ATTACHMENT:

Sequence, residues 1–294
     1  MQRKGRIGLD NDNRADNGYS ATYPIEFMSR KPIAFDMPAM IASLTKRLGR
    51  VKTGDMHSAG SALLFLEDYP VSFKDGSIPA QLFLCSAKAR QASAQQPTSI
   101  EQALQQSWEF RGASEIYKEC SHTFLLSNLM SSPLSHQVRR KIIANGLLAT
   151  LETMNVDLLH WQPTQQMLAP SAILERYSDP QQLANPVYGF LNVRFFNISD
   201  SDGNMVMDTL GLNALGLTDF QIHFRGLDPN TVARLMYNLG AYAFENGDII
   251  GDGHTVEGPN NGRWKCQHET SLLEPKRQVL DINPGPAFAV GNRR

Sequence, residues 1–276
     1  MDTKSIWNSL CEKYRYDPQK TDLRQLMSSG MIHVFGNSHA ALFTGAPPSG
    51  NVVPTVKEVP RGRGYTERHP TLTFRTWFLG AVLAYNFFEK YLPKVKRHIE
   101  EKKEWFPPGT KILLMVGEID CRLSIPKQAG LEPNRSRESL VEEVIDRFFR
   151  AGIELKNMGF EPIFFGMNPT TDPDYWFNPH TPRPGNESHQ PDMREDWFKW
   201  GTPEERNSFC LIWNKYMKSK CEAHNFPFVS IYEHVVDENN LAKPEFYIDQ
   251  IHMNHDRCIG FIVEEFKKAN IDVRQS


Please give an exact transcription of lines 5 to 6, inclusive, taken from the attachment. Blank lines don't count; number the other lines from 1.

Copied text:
   151  LETMNVDLLH WQPTQQMLAP SAILERYSDP QQLANPVYGF LNVRFFNISD
   201  SDGNMVMDTL GLNALGLTDF QIHFRGLDPN TVARLMYNLG AYAFENGDII